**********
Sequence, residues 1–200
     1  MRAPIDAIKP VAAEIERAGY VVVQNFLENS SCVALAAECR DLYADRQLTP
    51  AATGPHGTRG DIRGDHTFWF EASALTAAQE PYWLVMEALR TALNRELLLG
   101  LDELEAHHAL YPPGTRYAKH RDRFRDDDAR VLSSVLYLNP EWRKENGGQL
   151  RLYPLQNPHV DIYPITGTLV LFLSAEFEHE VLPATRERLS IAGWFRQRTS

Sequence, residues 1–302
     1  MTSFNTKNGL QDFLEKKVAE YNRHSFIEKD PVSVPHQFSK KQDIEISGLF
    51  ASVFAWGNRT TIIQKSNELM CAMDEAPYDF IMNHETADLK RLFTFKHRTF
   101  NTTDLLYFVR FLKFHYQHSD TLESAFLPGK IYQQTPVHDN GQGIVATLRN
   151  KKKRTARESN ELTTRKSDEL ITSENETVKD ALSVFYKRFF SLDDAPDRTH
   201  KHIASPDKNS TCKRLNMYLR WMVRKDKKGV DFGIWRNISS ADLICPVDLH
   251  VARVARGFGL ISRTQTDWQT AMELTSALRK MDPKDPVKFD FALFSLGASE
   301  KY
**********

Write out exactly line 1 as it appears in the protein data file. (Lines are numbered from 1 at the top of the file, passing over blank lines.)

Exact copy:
Sequence, residues 1–200